(Dendroica discolor). The back is olive yellow, with a
      group of reddish spots in the middle; the under parts and
      the parts around the eyes are bright yellow; the sides of
      the throat and spots along the sides, black; three outer
      tail feathers partly white.

   Prairie wolf. (Zool.) See Coyote.
      [1913 Webster]
.

From The Collaborative International Dictionary of English v.0.48:

Swamp \Swamp\, n. [Cf. AS. swam a fungus, OD. swam a sponge, D.
   zwam a fungus, G. schwamm a sponge, Icel. sv["o]ppr, Dan. &
   Sw. swamp, Goth. swamms, Gr. somfo`s porous, spongy.]
   Wet, spongy land; soft, low ground saturated with water, but
   not usually covered with it; marshy ground away from the
   seashore.
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         Gray swamps and pools, waste places of the hern.
                                                  --Tennyson.
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         A swamp differs from a bog and a marsh in producing
         trees and shrubs, while the latter produce only
         herbage, plants, and mosses.             --Farming
                                                  Encyc. (E.
                                                  Edwards,
                                                  Words).
   [1913 Webster]

   Swamp blackbird. (Zool.) See Redwing
   (b) .

   Swamp cabbage (Bot.), skunk cabbage.

   Swamp deer (Zool.), an Asiatic deer (Rucervus Duvaucelli)
      of India.

   Swamp hen. (Zool.)
   (a) An Australian azure-breasted bird (Porphyrio bellus);
       -- called also goollema.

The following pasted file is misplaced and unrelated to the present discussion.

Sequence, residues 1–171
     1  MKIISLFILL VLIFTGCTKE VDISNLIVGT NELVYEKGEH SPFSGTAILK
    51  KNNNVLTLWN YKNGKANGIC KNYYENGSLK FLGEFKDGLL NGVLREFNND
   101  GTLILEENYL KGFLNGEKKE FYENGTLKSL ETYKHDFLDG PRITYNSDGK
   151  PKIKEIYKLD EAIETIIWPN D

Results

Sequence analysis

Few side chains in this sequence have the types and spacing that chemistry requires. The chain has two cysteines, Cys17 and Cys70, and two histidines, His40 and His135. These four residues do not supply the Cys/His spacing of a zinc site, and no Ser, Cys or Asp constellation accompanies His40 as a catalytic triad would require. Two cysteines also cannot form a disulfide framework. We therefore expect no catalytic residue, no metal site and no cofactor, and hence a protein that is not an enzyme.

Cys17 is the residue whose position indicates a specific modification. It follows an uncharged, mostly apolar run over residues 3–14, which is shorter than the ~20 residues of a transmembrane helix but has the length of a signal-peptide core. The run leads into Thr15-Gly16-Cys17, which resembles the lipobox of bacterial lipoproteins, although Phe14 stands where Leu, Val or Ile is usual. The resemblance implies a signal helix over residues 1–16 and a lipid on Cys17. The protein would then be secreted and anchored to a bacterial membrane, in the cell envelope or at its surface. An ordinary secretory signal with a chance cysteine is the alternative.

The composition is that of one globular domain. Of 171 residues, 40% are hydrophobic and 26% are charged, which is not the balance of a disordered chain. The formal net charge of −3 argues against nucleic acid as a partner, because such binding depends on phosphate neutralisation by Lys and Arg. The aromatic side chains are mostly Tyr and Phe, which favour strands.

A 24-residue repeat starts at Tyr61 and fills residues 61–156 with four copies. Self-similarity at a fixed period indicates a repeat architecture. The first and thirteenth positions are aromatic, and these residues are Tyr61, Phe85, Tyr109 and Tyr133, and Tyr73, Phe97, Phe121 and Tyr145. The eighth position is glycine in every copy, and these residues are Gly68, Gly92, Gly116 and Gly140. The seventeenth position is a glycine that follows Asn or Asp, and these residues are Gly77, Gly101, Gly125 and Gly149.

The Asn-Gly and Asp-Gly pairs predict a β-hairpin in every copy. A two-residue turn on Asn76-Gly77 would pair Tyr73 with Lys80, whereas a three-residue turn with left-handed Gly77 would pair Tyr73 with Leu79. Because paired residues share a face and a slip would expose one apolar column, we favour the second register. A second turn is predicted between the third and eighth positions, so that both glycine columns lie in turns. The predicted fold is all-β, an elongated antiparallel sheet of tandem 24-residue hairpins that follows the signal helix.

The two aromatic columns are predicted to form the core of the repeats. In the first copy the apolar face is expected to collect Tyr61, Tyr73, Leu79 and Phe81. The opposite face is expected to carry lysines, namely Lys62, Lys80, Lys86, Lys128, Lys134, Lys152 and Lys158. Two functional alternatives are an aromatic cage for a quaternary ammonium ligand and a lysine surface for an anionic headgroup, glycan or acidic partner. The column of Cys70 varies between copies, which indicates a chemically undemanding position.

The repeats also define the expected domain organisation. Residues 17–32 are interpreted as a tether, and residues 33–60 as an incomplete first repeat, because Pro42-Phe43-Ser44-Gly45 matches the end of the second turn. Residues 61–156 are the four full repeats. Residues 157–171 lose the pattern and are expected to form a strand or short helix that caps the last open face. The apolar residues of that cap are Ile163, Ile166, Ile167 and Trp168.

(b) An Australian water crake, or rail (Porzana Tabuensis);
       -- called also little swamp hen.
   (c) The European purple gallinule.

   Swamp honeysuckle (Bot.), an American shrub ({Azalea
      viscosa} syn. Rhododendron viscosa or {Rhododendron
      viscosum}) growing in swampy places, with fragrant flowers
      of a white color, or white tinged with rose; -- called
      also swamp pink and white swamp honeysuckle.

   Swamp hook, a hook and chain used by lumbermen in handling
      logs. Cf. Cant hook.

   Swamp itch. (Med.) See Prairie itch, under Prairie.

   Swamp laurel (Bot.), a shrub (Kalmia glauca) having small
      leaves with the lower surface glaucous.

   Swamp maple (Bot.), red maple. See Maple.

   Swamp oak (Bot.), a name given to several kinds of oak
      which grow in swampy places, as swamp Spanish oak
      (Quercus palustris), swamp white oak ({Quercus
      bicolor}), swamp post oak (Quercus lyrata).

   Swamp ore (Min.), bog ore; limonite.

   Swamp partridge (Zool.), any one of several Australian game
      birds of the genera Synoicus and Excalfatoria, allied
      to the European partridges.

   Swamp robin (Zool.), the chewink.

   Swamp sassafras (Bot.), a small North American tree of the
      genus Magnolia (Magnolia glauca) with aromatic leaves
      and fragrant creamy-white blossoms; -- called also {sweet
      bay}.

   Swamp sparrow (Zool.), a common North American sparrow
      (Melospiza Georgiana, or Melospiza palustris), closely
      resembling the song sparrow. It lives in low, swampy
      places.

   Swamp willow. (Bot.) See Pussy willow, under Pussy.